Undying Darlings — Excerpt From an Old Project — Part I
“In writing, you must kill all your darlings.” — Faulkner (obviously unaware of the advent of blogging)
It is true –a large part of writing is ridding yourself of unnecessary material. Sometimes this is easy. Sometimes this is really hard. Maybe you’re just too close to the words and the scene. Maybe you had high expectations and are overcome by denial, slow to admit that whatever it is, it just isn’t cutting it in your larger work. Maybe you just overwrote the hell out of it. Anyway, because I have trouble letting go, rather than killing my darlings outright, I decided I would ‘zombify’ them here –sentence them to roam the archives of cyberspace without aim or drive or any hopes of change. I’d rather see them in the light of this mediocre immortality than never see them again. Hear them moan and treat them kindly. Who knows? There may be souls within them yet.
* * *
For days they walked over the unchanging plain beneath all manner of sky. The wind seemed never to cease, and in the moments that it did, thoughts became too loud and it was too quiet to sleep. They came one morning upon a herd of cattle still fenced in and sloppily killed one with three misplaced shots of a rifle. They ate and carried what they could, but left most to rot and stink in the sun. They tore down the fence before they left and tried to force the other cattle free, but the beasts were too fast and knew nothing of fences broken or otherwise and only of grass which was the same within or without. Days later, the meat they carried with them grew rank in their packs and they left it behind. Days after that, coyotes fell upon it shrieking. Their arbitrary tracks grew on, as if it were for the sole sake of movement that they moved and in the name of vagrancy alone that they made their solitary way.
A boulder appeared on the horizon and grew enormous before them, the only feature around at all, perched in the noon sun perhaps never serving any purpose greater than providing shade for the weary men that lay in it that day. Henry sat without removing his pack. Frank walked over and pressed his palms against the cool rock as if to check for a pulse or maybe even provoke one himself. He ran his fingers along a protruding seam and stopped suddenly. Henry rose to see what Frank saw.
“Who are they?” Henry asked.
Frank did not say. His fingertips hovered above the drawings.
“What do you think they were doin out here?”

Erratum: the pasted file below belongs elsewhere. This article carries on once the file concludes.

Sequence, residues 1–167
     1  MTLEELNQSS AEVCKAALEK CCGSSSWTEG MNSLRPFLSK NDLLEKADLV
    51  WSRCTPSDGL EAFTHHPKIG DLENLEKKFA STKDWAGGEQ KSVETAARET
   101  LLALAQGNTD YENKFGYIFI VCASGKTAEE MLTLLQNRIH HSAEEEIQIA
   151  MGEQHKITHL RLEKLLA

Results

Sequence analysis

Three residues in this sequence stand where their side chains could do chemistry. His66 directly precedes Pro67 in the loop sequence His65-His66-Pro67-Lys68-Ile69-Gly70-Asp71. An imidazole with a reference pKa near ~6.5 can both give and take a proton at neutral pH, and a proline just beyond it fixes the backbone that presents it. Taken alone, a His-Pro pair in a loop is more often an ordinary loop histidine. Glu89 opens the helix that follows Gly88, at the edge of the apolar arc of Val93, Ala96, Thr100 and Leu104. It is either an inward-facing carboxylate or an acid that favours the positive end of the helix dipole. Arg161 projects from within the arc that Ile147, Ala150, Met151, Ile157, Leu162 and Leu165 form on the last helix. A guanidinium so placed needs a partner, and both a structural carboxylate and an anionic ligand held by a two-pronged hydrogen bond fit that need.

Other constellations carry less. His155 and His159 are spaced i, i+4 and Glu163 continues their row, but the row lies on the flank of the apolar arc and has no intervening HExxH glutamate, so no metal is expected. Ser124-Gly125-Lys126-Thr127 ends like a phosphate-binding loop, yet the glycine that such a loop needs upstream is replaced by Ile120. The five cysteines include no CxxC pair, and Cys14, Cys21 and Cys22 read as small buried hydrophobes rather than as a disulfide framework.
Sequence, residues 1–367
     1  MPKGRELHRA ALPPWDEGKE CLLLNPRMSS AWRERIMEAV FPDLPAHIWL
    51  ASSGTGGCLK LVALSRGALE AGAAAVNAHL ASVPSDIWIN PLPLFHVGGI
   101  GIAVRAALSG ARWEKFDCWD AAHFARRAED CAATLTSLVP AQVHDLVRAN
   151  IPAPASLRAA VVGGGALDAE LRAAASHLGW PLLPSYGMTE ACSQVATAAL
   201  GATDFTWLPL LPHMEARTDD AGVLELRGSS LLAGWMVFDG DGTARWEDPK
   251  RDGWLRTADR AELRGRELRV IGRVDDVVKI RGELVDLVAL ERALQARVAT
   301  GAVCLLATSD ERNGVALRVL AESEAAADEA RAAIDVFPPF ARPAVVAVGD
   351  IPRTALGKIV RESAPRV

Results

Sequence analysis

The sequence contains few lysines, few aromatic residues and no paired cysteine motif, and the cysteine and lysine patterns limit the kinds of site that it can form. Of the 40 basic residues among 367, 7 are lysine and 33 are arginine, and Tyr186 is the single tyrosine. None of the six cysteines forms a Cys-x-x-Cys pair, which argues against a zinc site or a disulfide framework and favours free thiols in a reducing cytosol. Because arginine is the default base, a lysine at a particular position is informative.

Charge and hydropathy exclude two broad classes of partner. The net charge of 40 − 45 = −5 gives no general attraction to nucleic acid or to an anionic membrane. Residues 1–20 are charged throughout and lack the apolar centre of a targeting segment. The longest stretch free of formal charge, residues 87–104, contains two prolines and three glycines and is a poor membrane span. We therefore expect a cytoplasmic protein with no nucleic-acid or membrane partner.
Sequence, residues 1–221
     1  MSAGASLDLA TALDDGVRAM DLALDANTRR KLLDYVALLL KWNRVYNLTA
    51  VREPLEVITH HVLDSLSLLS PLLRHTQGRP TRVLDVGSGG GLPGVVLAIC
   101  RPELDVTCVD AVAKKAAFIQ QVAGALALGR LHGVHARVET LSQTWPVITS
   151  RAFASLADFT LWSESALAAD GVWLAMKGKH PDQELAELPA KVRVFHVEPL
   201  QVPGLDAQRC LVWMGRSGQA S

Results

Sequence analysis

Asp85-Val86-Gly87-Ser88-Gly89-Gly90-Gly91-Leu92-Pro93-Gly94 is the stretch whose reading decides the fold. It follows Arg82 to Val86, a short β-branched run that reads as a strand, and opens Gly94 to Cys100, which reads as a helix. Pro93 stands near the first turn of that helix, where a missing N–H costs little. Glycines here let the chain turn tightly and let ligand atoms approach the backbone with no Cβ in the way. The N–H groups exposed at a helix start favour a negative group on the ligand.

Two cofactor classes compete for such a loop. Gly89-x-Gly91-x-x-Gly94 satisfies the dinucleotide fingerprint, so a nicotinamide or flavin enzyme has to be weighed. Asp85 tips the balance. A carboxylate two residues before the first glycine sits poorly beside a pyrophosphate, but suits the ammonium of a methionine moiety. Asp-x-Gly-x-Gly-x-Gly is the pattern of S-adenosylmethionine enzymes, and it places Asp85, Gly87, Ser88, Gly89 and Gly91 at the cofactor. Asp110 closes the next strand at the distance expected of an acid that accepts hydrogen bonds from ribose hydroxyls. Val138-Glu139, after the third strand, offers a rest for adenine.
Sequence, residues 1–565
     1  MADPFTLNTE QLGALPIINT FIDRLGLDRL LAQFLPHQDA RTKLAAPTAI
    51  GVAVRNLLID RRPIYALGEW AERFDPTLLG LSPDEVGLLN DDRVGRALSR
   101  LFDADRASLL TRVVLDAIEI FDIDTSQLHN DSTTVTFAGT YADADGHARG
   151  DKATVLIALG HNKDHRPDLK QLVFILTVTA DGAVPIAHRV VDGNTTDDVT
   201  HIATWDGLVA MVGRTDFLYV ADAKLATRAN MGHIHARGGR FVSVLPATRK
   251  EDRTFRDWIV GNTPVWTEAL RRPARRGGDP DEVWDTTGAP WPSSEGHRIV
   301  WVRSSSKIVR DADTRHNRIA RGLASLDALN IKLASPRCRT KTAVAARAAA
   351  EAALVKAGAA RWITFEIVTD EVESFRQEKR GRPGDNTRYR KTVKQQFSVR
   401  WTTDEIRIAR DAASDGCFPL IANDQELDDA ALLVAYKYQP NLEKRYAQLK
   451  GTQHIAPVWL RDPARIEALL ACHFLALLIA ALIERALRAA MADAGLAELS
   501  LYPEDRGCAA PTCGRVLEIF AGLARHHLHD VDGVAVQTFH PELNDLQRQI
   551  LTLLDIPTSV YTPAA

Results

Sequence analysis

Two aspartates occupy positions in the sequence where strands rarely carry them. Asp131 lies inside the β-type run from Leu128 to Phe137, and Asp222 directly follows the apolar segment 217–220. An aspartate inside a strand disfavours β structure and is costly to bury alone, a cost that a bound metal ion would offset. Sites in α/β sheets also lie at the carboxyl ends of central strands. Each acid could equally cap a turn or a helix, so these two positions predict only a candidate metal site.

“Same as us I suppose,” Frank said.
Henry looked around, his eyes slightly watered. “Lookin for somewhere else to be?”
Frank’s gaze broke away from the drawings. Behind the warmth of his strained grin there was a concern too great to be concealed. He bent over and picked up a stone and began to etch into the boulder the image of two figures walking in tandem toward a sun that either rose or set. He paused. Thought. He then wrote his name beneath one of the figures and handed Henry the stone who did the same without knowing why.
They rested in the shade until the shade was gone, at which point they rose and walked again. Later that day there was ash in the air, and later yet the grasses became burnt and black and crumbled loud beneath their feet. It remained so charred when they slept upon it that night, and they awoke painted black and grey by the wind and soot like children playing at war. They spat black and they spat often. By evening of the next day, the grass was covered entirely by a loose layer of dirt and stone. They dug into it and set up camp.
“It’s gonna be a big one,” Henry said, fumbling at the coals with the heel of his boot.
“Yeah.” Frank shifted uncomfortably on his bedroll.
“You layin on a rock?”
“Somethin.” He stood and turned over his pad and reached into the loose earth, but he could not move what was there. As he dug and brushed away the dirt further, he knew why.
“What is it?” Henry asked, leaning forward.
Frank moved his bed aside and made it elsewhere. Before lying down, he set his solemn eyes upon his little brother. “It’s a chimney.”
* * *
For those of you who have come before, I have changed my “Any Last Words” idea to this one. I just like it better. Click here for more creative poetry or prose.